Crimes caught on cassette

The US National Institute of Standards and Technology has developed a real-time magnetic imaging system that enables criminal investigators to “see” signs of tampering in audiotapes.

The US Department of Commerce’s National Institute of Standards and Technology (NIST) has developed a real-time magnetic imaging system that enables criminal investigators to “see” signs of tampering in audiotapes—erasing, overdubbing and other alterations—while listening to the tapes.

The new system, which permits faster screening and more accurate audiotape analysis than currently possible, was recently delivered to the Federal Bureau of Investigation (FBI) and will be evaluated for its possible routine use in criminal investigations.

The FBI’s Forensic Audio Analysis Unit receives hundreds of audiotapes annually for analysis. Representing evidence from crimes such as terrorism, murder and fraud, these tapes come from a wide variety of devices, including answering machines, cassette recorders and digital audiotape (DAT) recorders. The need for quick and accurate tape analysis is just as diverse: determining authenticity, comparing voices and identifying duplication are just a few examples.

At the heart of the NIST technology is a cassette player modified with an array of 64 customised magnetic sensors that detects and maps the microscopic magnetic fields on audio cassettes as they are played.

The array is connected to a desktop computer programmed to convert the magnetic data into a displayable image. Authentic, original tapes produce images with non-interrupted, predictable patterns, while erase and record functions produce characteristic “smudges” in an image that correlate to “pops” and “thumps” in the audio signal.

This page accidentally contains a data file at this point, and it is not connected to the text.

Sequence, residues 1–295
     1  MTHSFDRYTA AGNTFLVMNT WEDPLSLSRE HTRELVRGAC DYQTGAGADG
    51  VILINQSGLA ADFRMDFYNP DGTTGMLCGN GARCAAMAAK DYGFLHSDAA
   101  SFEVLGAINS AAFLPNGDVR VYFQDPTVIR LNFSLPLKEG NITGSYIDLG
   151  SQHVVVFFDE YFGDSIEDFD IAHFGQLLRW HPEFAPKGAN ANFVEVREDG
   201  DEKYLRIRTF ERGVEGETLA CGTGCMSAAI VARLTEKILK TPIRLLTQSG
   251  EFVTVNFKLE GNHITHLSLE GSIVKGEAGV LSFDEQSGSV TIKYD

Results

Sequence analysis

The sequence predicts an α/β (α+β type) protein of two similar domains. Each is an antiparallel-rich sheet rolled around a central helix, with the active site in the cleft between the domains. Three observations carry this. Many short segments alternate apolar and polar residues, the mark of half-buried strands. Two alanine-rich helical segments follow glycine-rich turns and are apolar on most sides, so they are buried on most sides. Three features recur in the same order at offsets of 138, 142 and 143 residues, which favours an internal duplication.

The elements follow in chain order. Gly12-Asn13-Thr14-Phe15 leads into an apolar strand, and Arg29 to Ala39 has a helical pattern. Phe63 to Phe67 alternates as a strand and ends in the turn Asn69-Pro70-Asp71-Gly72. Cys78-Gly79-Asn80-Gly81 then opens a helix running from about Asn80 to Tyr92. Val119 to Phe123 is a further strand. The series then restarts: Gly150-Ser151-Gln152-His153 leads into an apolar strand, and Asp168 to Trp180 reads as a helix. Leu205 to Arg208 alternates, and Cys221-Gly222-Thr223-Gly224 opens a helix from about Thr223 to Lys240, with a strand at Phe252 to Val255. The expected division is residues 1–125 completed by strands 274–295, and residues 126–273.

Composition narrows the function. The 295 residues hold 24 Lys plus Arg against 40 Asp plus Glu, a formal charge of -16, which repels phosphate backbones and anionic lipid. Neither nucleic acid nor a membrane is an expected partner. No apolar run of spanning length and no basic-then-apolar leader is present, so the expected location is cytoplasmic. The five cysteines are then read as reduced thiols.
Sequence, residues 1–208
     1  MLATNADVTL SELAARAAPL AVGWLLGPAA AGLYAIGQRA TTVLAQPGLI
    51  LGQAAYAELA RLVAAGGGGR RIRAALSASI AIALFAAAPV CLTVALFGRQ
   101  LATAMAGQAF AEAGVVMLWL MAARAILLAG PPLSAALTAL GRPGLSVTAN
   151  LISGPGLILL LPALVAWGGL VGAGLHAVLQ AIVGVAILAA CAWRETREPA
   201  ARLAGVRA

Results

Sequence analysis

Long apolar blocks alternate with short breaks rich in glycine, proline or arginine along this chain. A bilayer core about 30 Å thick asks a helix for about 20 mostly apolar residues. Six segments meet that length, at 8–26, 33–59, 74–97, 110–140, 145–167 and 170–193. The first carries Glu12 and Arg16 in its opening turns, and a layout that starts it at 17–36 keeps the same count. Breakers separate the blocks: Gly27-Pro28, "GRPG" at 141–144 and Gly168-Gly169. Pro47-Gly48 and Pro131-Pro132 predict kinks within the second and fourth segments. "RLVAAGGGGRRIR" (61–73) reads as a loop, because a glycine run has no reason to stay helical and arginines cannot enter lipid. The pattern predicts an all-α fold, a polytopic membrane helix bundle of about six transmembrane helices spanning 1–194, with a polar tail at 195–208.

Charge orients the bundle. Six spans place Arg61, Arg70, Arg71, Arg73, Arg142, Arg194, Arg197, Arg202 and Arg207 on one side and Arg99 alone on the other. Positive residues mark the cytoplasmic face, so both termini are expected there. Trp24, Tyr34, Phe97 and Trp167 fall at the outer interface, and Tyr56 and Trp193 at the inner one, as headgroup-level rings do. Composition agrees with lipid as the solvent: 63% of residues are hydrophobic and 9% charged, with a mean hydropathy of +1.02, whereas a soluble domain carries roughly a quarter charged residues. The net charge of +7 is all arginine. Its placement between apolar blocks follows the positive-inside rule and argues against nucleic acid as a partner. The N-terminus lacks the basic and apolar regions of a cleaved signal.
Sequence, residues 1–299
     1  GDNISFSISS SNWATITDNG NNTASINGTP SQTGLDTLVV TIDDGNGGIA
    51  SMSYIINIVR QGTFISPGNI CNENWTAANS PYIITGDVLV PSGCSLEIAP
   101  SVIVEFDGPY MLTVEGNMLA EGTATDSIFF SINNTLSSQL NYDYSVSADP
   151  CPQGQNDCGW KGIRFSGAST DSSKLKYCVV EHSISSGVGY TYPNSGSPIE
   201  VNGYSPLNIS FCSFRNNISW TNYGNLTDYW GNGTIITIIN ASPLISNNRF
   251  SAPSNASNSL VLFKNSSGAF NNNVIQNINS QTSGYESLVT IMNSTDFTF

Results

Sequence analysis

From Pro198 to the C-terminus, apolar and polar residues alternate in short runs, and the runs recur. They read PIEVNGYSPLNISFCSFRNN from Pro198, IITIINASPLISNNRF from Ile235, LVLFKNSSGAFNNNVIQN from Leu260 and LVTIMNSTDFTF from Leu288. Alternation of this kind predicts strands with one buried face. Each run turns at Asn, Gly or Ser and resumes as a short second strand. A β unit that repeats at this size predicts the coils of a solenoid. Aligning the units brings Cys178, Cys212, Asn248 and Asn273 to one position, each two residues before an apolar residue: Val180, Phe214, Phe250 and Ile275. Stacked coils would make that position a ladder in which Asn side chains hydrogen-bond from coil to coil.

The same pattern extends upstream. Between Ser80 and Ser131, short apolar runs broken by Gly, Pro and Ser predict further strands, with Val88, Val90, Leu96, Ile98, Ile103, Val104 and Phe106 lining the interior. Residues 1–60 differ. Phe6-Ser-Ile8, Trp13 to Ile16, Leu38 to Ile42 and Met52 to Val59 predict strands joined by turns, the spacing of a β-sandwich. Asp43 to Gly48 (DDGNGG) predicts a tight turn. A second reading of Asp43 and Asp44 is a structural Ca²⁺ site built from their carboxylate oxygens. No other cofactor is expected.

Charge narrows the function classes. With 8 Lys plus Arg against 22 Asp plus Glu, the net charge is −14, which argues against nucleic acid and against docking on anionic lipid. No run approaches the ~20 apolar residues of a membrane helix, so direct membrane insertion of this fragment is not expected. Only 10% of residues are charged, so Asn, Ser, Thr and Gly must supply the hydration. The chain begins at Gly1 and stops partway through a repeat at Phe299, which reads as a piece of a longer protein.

Additionally, copies of tapes lack the original markings specific to different types of tape players. Therefore, an examiner can use the new system to help determine the authenticity of a tape or if that tape is a copy.

“We are the first to implement real-time magnetic imaging of audio cassettes, and now, users can listen to the tape at the same time,” says project leader David Pappas of NIST’s Boulder, Colorado laboratories.

The benefits of the NIST system are its speed in correlating sounds with magnetic marks on tape and the fact that it makes an image without damaging the tape. Currently, the most common technique involves listening to a tape and stopping it when a suspicious sound is heard. The cassette must then be removed from the player, the tape extracted from its housing and a solution of magnetically sensitive fluid applied to the tape surface. Finally, the image of the audio track containing the suspicious sound is viewed under a microscope to determine whether or not an actual tampering event occurred. This is time consuming and subject to errors caused by particle contamination when applied to digital tapes.

For the new system, NIST scientists fabricated a 64-sensor linear array read head and placed it next to the standard read head in a commercial audiotape deck. The customised sensor array can scan a 4-millimeter-wide tape. Each sensor in the array changes its electrical resistance in response to magnetic fields detected from the tape. Software converts the sensor resistance measurements to visual images, which have a resolution of about 400 dots per square inch (dpi).

A second-generation audiotape imaging system is under development, which is expected to provide ultrahigh image resolution of 1,600 dpi. That system will use 256 microscale sensors designed by NIST.

The basic magnetic imaging technology was developed in the late 1990s in a NIST collaboration with the Commerce Department’s National Telecommunications and Information Administration to retrieve data from damaged or altered magnetic tapes and computer disks. The researchers first demonstrated the approach by recovering data from scraps of aircraft “black-box” tape that were too short to be played in a conventional tape deck.

For several years, the FBI has been using a prototype of the NIST magnetic imaging system that scans samples with a single sensor many times to build up an image. Because the system is slow, it has been used only for testing and special cases. For example, the FBI used the technique on test tapes in a National Archives and Records Administration study on the feasibility of recovering audio from the 18 minute gap in the Nixon White House “Watergate” tapes. Although intelligible speech could not be recovered from the test tapes, it was possible to distinguish between two types of erased tapes: one that had previously been recorded with audio and one that had not.